|Publication number||US5420868 A|
|Application number||US 08/326,307|
|Publication date||May 30, 1995|
|Filing date||Oct 20, 1994|
|Priority date||Jul 31, 1992|
|Also published as||EP0581525A1|
|Publication number||08326307, 326307, US 5420868 A, US 5420868A, US-A-5420868, US5420868 A, US5420868A|
|Inventors||Andrew R. Chraplyvy, Xiaoping Mao, Robert W. Tkach|
|Original Assignee||At&T Corp.|
|Export Citation||BiBTeX, EndNote, RefMan|
|Patent Citations (6), Referenced by (65), Classifications (20), Legal Events (4)|
|External Links: USPTO, USPTO Assignment, Espacenet|
This is a continuation of application Ser. No. 07/924,690, filed on 07/31/92, now abandoned.
This invention relates to lightwave transmission systems. More particularly, this invention relates to an apparatus for suppressing Brillouin scattering in a single mode optical fiber.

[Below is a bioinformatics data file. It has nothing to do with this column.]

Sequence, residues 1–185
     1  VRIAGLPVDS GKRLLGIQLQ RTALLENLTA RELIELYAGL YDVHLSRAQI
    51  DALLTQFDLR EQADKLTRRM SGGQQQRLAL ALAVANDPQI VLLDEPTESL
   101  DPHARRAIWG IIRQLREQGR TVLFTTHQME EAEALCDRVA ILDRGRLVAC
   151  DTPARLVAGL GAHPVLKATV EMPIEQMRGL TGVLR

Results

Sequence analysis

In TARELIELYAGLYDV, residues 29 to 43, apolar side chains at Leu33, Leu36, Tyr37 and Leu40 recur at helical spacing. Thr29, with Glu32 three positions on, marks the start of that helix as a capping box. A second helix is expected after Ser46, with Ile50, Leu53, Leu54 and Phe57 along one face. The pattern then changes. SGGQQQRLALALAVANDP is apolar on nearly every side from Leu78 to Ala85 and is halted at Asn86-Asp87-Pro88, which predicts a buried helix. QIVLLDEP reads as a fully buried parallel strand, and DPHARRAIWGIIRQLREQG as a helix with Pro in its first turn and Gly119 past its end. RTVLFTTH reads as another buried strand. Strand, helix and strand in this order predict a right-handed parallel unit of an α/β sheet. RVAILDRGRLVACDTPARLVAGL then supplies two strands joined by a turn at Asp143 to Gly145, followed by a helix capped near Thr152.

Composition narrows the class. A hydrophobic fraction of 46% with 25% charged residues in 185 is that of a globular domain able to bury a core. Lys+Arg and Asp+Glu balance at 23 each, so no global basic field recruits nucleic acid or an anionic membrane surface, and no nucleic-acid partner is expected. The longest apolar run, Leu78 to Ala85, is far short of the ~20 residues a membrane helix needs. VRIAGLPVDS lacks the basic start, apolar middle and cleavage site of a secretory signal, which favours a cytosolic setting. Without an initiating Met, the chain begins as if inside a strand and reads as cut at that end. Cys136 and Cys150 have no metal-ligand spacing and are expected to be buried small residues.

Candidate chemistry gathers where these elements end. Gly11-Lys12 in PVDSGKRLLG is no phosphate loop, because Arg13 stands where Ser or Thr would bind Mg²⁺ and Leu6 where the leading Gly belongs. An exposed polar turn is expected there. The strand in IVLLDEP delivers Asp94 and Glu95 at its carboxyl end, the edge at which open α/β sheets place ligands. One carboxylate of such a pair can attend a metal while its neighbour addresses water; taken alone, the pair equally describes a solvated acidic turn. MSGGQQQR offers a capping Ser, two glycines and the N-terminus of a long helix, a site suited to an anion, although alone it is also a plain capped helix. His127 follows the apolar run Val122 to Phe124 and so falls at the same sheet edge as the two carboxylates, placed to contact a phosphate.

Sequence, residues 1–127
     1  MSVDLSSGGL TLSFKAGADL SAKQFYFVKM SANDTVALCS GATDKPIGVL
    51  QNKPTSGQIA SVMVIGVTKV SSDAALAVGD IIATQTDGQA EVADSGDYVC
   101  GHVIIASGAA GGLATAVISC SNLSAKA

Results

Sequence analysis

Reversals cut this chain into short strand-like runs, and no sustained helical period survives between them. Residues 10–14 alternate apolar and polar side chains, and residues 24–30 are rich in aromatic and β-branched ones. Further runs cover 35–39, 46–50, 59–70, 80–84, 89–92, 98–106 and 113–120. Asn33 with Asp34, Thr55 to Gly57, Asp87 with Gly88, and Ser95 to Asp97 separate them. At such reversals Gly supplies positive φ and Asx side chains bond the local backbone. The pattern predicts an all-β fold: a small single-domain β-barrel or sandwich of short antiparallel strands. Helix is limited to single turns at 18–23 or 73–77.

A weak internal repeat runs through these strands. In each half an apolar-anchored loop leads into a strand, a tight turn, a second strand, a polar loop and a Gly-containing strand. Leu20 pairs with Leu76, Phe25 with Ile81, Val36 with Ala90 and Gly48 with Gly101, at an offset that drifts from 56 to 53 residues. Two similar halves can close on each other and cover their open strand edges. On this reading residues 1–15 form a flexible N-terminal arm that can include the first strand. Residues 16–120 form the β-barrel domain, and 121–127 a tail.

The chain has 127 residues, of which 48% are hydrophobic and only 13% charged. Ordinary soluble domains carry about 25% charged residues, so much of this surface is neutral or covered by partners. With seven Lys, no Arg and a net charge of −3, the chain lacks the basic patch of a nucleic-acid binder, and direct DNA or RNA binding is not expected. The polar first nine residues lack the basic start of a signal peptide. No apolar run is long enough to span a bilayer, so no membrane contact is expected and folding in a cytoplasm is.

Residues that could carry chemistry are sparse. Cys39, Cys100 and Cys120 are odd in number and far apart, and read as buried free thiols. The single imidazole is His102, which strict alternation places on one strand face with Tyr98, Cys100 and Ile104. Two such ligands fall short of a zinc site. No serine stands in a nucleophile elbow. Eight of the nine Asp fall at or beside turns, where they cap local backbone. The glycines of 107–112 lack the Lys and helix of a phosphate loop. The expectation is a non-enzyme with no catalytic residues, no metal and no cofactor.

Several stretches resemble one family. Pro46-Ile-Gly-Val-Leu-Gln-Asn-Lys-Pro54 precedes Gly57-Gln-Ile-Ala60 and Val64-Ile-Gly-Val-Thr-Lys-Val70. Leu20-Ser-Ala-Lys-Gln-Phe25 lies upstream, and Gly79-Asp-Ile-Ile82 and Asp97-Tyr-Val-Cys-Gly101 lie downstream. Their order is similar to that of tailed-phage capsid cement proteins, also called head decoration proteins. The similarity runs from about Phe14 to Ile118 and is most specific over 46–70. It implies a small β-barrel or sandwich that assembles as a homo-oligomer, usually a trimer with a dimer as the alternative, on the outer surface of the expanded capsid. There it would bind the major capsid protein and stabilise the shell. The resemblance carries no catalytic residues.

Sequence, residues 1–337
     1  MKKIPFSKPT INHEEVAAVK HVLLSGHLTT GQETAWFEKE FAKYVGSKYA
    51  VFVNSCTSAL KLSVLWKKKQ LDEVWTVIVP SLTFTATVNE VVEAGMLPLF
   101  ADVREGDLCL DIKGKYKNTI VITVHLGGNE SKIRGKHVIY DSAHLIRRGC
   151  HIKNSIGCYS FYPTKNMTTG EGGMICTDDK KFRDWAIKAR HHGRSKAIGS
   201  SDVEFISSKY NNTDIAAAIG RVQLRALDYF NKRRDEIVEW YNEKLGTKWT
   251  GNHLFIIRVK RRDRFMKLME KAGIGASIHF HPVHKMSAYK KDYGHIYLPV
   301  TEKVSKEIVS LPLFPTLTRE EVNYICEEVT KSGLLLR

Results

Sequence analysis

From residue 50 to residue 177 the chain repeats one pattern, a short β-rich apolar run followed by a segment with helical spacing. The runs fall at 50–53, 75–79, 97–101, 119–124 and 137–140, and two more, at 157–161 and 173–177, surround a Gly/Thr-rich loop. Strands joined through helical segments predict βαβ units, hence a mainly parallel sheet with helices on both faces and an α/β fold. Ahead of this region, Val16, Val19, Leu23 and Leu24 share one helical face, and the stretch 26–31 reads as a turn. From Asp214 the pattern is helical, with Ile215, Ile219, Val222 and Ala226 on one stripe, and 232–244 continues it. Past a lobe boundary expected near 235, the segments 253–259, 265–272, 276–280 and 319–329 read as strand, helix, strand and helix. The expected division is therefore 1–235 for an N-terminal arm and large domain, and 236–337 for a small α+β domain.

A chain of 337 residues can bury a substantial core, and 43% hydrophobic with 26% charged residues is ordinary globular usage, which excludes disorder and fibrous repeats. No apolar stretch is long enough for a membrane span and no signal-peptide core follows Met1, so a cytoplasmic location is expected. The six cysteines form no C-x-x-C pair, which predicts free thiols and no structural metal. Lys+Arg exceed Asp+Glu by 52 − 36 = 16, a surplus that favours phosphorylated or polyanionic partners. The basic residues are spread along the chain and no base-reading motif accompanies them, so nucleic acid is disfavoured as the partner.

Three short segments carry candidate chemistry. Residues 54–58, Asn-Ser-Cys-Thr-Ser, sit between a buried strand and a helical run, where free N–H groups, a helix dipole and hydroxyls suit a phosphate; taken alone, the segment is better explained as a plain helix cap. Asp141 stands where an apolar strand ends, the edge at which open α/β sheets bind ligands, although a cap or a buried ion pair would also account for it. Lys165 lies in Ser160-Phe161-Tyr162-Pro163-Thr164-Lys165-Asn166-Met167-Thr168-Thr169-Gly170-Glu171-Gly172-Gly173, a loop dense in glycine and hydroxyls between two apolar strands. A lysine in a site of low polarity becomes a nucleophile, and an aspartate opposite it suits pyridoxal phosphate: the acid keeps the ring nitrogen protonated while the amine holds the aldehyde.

At the present time there is a large interest in transmitting cable television signals along an optical fiber lightwave transmission system. The format most commonly used to transmit cable television (CATV) signals along an optical fiber is amplitude modulated vestigial sideband (AM-VSB) where the cable television electrical signal is intensity-modulated onto an optical signal. In practice, severe limitations are normally placed on laser noise and linearity requirements.
External modulation of continuous wave (CW) lasers provides a source which is free of second harmonic distortion, one of the major causes of nonlinearity. CW lasers also have a compact optical spectrum which effectively ameliorates distortion due to fiber chromatic dispersion. Unfortunately, they can enhance the effect of optical nonlinearities, particularly stimulated Brillouin scattering (SBS).